The Zowie EC1-A mouse was tested using our Test Rig, no fresh installation of Windows was performed as it’s not deemed to be necessary when there’s no accompanying software.
The following games were used during testing:
It’s quite hard to describe the Zowie EC1-A as to be honest it’s one of the most basic, no frills Gaming mice that I have ever tested. I guess the question is, is it any good though? Well…
Once you get past the fact that there’s not loads of buttons, there’s no adjustment, no weight management, no fancy illumination and no software! AND the fact that if you want to change DPI you’ll have to turn the mouse over as the button is on the back of the mouse. Then you can begin to appreciate the sheer simplicity of the EC1-A. Everything that is here aboard the EC1-A you will use, there’s nothing that’s superfluous. And everything that is here, work beautifully.
The mouse is comfortable even during those long 4hr Gaming sessions, the thumb buttons are perfectly placed (for my bastardised claw grip that is!) and the soft touch surface has that nice grippy feel to it, that I rather like. All of the buttons operate with precision and are tactile with good feedback. The mouse wheel operates easily with well defined clicks and illuminates letting you know what DPI setting is currently selected. And then there’s the Avago 3310 optical sensor, that tracks as well as any mouse I have ever used. You can almost tell that there’s no acceleration and no software between you and your mouse, this mouse truly goes where you point it! And I rather like that… 😉
I must admit though that I’m not quite so happy with Zowie’s choice of DPI sensitivities although I do appreciate that we are all different. Zowie provides four DPI settings 400, 800, 1600 & 3200 and I know that I’ll only ever use two of these: 1600 & 3200. Personally I have never used less than a 1600DPI in any Gaming I have ever done! I would have preferred these numbers to be more like 1200, 1600, 2000 & 3200, or better still user definable, but alas there’s not even any software.
To be honest, there’s no way I can fault the performance (in any way!) of the Zowie EC1-A, everything that’s here is pretty much perfect. It’s what’s not here (for the price) that has me more concerned…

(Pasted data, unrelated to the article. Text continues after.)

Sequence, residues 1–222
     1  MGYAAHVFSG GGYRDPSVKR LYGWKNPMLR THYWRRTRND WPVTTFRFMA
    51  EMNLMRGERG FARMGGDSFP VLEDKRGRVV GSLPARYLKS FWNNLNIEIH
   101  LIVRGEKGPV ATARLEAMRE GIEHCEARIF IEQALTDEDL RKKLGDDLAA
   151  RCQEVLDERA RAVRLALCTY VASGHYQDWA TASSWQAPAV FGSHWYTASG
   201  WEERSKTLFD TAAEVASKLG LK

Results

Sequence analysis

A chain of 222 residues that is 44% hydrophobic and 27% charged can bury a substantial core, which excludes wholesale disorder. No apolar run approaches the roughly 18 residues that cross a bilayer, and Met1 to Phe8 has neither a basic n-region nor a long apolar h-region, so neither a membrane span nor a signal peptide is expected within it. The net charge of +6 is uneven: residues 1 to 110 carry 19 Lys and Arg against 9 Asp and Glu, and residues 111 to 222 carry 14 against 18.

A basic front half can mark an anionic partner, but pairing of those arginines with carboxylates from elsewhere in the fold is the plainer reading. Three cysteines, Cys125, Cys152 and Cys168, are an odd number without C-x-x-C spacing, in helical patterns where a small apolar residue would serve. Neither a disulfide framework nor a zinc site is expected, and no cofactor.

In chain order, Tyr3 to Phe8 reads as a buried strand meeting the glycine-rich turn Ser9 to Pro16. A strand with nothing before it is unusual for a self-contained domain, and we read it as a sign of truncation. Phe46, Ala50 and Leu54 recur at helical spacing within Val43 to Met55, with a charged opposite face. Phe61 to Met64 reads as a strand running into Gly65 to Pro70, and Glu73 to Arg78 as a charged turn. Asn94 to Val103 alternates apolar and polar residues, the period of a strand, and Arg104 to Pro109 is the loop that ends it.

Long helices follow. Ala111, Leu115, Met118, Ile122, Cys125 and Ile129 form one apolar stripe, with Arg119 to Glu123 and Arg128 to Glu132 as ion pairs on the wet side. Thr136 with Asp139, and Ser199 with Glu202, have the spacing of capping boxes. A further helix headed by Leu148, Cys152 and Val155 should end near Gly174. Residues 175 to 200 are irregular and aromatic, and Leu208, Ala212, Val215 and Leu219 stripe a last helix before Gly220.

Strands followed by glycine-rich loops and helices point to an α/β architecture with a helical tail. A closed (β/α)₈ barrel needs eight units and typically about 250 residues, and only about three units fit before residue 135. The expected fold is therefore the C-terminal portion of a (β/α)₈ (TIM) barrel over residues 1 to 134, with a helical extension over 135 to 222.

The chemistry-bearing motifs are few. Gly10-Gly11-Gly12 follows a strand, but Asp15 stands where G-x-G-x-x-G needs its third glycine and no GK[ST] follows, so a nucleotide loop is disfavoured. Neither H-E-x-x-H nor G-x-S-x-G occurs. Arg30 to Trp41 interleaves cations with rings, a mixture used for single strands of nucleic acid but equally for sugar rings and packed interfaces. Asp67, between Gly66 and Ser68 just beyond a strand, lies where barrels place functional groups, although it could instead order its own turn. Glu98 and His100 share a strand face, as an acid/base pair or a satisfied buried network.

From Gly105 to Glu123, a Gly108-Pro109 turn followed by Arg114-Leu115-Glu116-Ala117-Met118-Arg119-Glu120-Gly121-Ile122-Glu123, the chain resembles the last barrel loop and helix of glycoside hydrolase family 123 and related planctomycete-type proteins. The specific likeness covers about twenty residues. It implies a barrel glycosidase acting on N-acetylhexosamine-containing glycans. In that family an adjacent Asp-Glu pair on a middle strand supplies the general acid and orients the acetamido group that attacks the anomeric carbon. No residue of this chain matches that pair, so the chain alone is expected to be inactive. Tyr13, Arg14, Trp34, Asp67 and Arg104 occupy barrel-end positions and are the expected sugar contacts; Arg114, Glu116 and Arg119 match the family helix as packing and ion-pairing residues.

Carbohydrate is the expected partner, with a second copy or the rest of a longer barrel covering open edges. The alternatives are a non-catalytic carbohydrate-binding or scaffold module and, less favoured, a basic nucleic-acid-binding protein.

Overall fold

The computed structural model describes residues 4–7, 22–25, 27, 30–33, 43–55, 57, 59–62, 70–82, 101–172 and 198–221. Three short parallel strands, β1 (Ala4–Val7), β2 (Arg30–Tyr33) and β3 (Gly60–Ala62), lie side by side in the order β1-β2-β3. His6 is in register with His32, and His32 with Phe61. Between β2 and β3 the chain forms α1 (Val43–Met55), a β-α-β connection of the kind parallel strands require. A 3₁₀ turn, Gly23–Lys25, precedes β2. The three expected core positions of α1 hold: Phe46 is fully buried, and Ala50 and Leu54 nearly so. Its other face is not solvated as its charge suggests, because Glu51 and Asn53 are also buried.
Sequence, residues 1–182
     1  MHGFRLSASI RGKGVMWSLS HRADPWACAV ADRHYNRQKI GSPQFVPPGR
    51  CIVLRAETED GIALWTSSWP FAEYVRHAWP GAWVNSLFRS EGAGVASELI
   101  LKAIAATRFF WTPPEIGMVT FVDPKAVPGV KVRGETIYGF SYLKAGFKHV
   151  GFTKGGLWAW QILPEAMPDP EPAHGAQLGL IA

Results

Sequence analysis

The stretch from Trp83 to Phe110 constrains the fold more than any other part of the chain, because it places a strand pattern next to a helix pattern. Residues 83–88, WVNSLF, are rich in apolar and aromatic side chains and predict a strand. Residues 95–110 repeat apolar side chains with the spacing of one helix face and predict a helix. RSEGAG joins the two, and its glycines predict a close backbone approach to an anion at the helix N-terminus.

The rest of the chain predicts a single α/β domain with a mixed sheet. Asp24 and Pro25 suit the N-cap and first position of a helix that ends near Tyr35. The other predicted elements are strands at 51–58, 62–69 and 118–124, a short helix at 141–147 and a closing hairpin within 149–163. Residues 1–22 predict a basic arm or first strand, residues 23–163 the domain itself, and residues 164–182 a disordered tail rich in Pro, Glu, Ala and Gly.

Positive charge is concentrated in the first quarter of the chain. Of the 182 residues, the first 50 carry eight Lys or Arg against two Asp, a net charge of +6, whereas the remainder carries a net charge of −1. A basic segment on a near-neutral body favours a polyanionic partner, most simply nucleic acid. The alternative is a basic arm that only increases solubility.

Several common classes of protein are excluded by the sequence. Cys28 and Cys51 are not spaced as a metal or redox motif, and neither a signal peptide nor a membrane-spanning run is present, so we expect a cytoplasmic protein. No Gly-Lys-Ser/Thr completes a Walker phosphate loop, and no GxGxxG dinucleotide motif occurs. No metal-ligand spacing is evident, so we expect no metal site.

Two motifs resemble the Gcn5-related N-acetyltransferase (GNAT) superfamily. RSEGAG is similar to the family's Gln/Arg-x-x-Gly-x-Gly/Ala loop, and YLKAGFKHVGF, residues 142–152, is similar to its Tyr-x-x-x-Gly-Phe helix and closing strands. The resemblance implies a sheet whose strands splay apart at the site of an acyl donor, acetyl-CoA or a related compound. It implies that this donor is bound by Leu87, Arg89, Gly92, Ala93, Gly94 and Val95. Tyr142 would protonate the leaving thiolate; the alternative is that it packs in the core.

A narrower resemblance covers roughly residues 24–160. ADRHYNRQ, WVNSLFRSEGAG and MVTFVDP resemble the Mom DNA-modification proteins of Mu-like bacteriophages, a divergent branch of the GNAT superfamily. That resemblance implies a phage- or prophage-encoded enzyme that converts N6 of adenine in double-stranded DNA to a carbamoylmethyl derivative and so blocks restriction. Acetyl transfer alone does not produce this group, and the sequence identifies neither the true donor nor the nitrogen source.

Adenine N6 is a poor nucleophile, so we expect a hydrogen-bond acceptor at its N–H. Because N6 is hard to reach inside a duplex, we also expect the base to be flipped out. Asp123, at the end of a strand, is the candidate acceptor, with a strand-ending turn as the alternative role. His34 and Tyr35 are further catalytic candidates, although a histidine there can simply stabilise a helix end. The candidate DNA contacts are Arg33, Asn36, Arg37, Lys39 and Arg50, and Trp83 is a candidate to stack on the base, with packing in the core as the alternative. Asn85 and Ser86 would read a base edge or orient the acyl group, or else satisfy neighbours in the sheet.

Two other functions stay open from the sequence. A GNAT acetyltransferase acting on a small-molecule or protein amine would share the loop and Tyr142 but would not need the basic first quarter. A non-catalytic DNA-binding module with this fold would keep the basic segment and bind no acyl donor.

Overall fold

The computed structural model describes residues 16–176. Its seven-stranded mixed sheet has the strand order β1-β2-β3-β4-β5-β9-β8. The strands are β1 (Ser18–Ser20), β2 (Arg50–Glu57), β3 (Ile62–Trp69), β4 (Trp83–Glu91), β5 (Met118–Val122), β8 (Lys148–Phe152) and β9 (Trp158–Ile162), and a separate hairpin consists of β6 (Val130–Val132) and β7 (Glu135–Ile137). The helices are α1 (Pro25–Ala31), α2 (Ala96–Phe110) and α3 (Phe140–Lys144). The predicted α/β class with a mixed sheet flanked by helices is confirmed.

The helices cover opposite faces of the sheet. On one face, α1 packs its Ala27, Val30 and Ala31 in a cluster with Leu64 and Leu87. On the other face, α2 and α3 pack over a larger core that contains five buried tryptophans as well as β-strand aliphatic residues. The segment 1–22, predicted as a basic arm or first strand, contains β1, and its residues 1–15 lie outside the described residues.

The simplicity of the Zowie EC1-A even starts with the packaging as the EC1-A arrived at pcG in what is best described as the dullest box I have ever seen! But (James) we shouldn’t judge a book by its cover of course… Un-boxing is as one would expect a pretty uneventful affair, and at this point you may begin to wonder what you’ve got for your money. Especially as there’s not much else in that box apart from some additional glides.
Once you have the mouse in the hand though, you’ll likely warm to its right-handed ergonomic design, assuming you’re a right-hander of course! 😉 The mouse is undeniably well made and it features a nice soft touch (yet grippy) rubberised surface too. All of the buttons are well placed and the switches work well requiring a decent amount of travel to actuate whilst providing good feedback. The mouse wheel is also smooth in operation with well defined graduations. From a performance point of view I would have to say that the Avago 3310 sensor performed all tasks flawlessly, fast or slow, from FPS Gaming in BF4 through to City Building in Cities: Skylines. Only the lack of user-definable DPI settings holds it back.
But as I’ve already said, what’s here is very good, there’s no doubt in my mind that the Zowie EC1-A is a fine Gaming mouse and if you’re in the market for such a mouse (right-handed, 5 buttons, choice of 4 DPI settings & no software) then you will indeed be very happy with the EC1-A. What I’m struggling with though is the price, as to be fair there are many Mice that offer a lot more for your £50 (like Profile support, weight management, additional buttons and more importantly programmability!), and (within reason) some of them track just as well.
Therefore the bottom line is; yes the Zowie EC1-A is a damn good Gaming mouse and I really rather like its focused simplicity, but I just don’t think it can compete with the competition in the £50 price bracket…
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Many thanks to Zowie for providing this sample for review